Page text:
Family in US gorilla incident suggests zoo donations

2016-06-02 07:19
A sympathy card rests at the feet of a gorilla statue outside the Gorilla World exhibit at the Cincinnati Zoo. (John Minchillo, AP)

A sympathy card rests at the feet of a gorilla statue outside the Gorilla World exhibit at the Cincinnati Zoo. (John Minchillo, AP)

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Washington - The family of a toddler who fell into a gorilla exhibit in Ohio - facing a torrent of criticism after zookeepers were forced to shoot the rare animal - suggested on Wednesday well-wishers should donate to the Cincinnati Zoo.

Images of the three-year-old boy trapped in the enclosure with the 400-pound silverback have resonated around the US and beyond, even reaching the White House press briefing room.

In the statement, the family offered their thanks to zookeepers for saving their child and said he is doing well following "a checkup by his doctor."

"Some have offered money to the family, which we do not want and will not accept. If anyone wishes to make a gift, we recommend a donation to the Cincinnati Zoo in Harambe's name," the statement said.

The family has not been officially identified and a spokesperson said the parents had no plans to participate in interviews.

White House Press Secretary Josh Earnest, asked about the gorilla incident, called it a "tragedy" and said it was not clear there was any role for federal officials to play in the aftermath.

Criminal charges

The Saturday incident, captured on smartphone video, has ignited a furious debate over the actions of zoo officials and the child's mother.

She has alternately faced criticism and received support from well-wishers - with much of the debate taking place online.

One petition on is asking officials to hold the parents "accountable for the lack of supervision and negligence that caused Harambe to lose his life."

The petition had more than 450 000 supporters by midday on Wednesday.

The Cincinnati police say they are investigating the parents to see if criminal charges are warranted.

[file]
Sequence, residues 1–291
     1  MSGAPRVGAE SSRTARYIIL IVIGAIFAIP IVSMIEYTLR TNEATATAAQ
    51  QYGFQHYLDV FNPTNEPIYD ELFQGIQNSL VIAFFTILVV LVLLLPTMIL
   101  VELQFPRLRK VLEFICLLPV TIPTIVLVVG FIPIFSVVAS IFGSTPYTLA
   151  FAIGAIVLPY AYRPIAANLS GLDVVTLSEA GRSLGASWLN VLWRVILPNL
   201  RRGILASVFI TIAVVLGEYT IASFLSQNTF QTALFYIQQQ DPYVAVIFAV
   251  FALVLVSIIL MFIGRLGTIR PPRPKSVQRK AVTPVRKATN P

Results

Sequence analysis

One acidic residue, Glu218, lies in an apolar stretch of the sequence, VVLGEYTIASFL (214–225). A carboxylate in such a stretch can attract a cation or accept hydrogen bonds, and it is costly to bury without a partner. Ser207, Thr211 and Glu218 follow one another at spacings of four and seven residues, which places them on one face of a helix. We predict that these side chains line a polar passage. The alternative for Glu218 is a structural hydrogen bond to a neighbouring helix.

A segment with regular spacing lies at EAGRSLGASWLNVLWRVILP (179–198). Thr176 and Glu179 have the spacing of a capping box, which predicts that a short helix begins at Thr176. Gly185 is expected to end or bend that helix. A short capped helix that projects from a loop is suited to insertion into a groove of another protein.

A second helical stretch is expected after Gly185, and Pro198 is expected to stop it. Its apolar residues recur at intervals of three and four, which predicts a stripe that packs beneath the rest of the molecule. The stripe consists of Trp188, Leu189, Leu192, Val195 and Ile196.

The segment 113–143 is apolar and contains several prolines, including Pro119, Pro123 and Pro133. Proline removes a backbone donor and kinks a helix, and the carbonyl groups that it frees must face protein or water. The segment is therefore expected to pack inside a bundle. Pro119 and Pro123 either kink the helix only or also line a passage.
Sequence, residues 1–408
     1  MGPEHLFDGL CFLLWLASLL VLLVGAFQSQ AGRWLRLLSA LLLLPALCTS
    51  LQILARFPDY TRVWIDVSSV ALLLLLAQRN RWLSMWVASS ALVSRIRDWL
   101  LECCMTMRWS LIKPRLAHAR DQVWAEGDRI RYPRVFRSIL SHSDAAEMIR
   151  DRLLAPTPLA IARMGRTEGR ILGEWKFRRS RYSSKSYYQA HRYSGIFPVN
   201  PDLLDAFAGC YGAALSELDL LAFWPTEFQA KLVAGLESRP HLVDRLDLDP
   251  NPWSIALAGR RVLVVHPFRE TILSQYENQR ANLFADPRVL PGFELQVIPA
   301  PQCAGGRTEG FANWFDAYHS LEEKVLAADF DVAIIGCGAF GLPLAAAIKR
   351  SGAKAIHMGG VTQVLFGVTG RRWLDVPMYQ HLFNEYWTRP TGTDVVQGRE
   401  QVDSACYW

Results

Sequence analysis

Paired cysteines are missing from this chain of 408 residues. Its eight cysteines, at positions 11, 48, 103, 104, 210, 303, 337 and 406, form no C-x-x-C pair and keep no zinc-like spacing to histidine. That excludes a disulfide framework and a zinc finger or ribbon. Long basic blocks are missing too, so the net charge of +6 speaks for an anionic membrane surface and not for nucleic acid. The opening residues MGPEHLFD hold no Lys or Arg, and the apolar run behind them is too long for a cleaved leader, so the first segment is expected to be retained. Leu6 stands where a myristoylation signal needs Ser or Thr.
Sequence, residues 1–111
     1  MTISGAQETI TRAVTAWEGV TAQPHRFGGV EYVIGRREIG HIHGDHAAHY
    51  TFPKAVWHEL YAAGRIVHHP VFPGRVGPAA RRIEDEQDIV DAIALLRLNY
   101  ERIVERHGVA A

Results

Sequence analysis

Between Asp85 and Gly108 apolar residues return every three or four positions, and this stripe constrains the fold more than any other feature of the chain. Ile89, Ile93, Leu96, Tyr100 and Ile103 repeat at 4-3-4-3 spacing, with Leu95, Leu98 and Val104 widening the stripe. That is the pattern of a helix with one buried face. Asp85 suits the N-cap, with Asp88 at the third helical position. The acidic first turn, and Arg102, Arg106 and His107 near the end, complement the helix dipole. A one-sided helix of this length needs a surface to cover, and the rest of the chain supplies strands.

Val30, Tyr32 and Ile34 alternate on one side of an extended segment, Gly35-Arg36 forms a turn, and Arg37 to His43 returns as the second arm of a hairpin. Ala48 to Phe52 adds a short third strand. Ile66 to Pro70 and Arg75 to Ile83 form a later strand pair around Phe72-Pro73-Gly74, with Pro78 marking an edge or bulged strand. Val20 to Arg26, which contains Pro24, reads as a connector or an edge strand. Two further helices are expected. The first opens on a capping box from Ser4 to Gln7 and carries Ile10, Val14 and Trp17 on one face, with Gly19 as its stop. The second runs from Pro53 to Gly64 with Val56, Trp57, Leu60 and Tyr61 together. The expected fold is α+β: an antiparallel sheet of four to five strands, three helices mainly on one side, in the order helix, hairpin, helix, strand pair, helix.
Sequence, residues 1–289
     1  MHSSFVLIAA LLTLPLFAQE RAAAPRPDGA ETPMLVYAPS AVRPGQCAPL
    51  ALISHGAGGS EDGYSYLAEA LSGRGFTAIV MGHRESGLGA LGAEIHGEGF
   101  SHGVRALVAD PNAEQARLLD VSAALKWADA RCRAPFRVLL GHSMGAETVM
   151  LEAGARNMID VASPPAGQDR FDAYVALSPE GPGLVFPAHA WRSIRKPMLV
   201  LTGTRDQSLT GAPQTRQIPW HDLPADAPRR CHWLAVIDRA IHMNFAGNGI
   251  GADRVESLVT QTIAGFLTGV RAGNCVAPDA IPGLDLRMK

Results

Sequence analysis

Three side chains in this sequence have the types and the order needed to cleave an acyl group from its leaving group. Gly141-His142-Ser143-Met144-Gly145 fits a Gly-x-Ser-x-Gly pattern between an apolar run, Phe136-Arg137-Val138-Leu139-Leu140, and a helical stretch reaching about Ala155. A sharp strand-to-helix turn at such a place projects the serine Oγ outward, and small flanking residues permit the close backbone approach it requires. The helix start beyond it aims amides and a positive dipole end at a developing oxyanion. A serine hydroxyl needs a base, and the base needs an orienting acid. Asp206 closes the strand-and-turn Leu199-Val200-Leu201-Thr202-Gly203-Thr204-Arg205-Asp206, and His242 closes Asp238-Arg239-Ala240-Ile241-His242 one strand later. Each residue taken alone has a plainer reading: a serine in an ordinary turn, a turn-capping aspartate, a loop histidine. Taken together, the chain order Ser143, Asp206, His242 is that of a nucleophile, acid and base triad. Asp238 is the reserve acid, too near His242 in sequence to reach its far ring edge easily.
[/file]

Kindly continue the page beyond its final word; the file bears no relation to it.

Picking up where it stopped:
Questions about security

The zoo is facing scrutiny, as well.

There has been criticism of zookeepers' decision to shoot the endangered animal instead of tranquilising it.

"Gorillas are gentle, nurturing animals who attack only when provoked, and experts report that Harambe was likely trying to protect this child," Brittany Peet of PETA, People for the Ethical Treatment of Animals, said in a statement.

Asked to comment on Tuesday - as footage of the drama ran on a loop on US television networks - Donald Trump said it appeared officials had no choice but to shoot the gorilla.

"I think it's a very tough call," said the Republican White House hopeful.

Cellphone video of the incident showed the gorilla handling the child in an erratic manner - sometimes seemingly tenderly, other times roughly dragging him through knee-deep water.

Zoo officials have said that they could not take the risk that the gorilla might hurt the child in agitation, if hit with tranquiliser darts.

"This is an animal (that) with one hand, I have seen take a coconut and crush it," zoo director Thane Maynard said.

The zoo is also facing questions about the enclosure's security, since the toddler crawled through an exhibit barrier and fell into a moat.

"The failure of the Cincinnati Zoo to adequately construct this enclosure to protect both the public and the animal held prisoner there is a clear and fatal violation of the Animal Welfare Act," said Michael Budkie, the head of the organisation Stop Animal Exploitation Now, in a letter to the Department of Agriculture.

The group, which claims the zoo has had other violations, wants federal authorities to investigate the facility.

The boy was first identified as being four years old, but a family spokesperson confirms that he is three.

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